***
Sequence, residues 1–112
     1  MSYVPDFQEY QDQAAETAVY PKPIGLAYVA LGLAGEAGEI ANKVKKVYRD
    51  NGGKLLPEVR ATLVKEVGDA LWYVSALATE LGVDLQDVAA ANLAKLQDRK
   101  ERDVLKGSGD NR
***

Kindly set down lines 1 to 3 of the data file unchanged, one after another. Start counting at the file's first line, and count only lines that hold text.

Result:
Sequence, residues 1–112
     1  MSYVPDFQEY QDQAAETAVY PKPIGLAYVA LGLAGEAGEI ANKVKKVYRD
    51  NGGKLLPEVR ATLVKEVGDA LWYVSALATE LGVDLQDVAA ANLAKLQDRK